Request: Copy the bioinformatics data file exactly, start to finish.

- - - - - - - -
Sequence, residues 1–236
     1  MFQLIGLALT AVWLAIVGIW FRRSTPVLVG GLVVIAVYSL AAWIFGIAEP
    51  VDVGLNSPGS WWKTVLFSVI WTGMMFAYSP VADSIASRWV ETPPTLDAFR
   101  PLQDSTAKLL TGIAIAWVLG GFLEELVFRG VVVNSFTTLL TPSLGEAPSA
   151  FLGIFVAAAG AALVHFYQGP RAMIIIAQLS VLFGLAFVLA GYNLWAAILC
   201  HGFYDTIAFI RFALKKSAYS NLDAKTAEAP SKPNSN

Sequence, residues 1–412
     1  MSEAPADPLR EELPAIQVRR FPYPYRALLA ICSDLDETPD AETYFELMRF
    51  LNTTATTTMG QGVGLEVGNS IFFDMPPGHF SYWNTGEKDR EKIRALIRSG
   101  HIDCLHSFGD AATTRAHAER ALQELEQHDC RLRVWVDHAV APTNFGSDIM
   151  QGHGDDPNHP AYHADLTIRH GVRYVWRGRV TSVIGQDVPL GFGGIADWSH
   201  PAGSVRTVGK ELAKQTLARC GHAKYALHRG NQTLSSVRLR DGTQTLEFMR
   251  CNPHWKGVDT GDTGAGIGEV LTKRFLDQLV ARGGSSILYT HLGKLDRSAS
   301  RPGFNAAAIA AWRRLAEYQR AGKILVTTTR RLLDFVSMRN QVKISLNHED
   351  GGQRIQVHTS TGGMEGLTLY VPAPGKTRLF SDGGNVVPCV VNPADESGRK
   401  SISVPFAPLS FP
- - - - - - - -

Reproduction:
Sequence, residues 1–236
     1  MFQLIGLALT AVWLAIVGIW FRRSTPVLVG GLVVIAVYSL AAWIFGIAEP
    51  VDVGLNSPGS WWKTVLFSVI WTGMMFAYSP VADSIASRWV ETPPTLDAFR
   101  PLQDSTAKLL TGIAIAWVLG GFLEELVFRG VVVNSFTTLL TPSLGEAPSA
   151  FLGIFVAAAG AALVHFYQGP RAMIIIAQLS VLFGLAFVLA GYNLWAAILC
   201  HGFYDTIAFI RFALKKSAYS NLDAKTAEAP SKPNSN

Sequence, residues 1–412
     1  MSEAPADPLR EELPAIQVRR FPYPYRALLA ICSDLDETPD AETYFELMRF
    51  LNTTATTTMG QGVGLEVGNS IFFDMPPGHF SYWNTGEKDR EKIRALIRSG
   101  HIDCLHSFGD AATTRAHAER ALQELEQHDC RLRVWVDHAV APTNFGSDIM
   151  QGHGDDPNHP AYHADLTIRH GVRYVWRGRV TSVIGQDVPL GFGGIADWSH
   201  PAGSVRTVGK ELAKQTLARC GHAKYALHRG NQTLSSVRLR DGTQTLEFMR
   251  CNPHWKGVDT GDTGAGIGEV LTKRFLDQLV ARGGSSILYT HLGKLDRSAS
   301  RPGFNAAAIA AWRRLAEYQR AGKILVTTTR RLLDFVSMRN QVKISLNHED
   351  GGQRIQVHTS TGGMEGLTLY VPAPGKTRLF SDGGNVVPCV VNPADESGRK
   401  SISVPFAPLS FP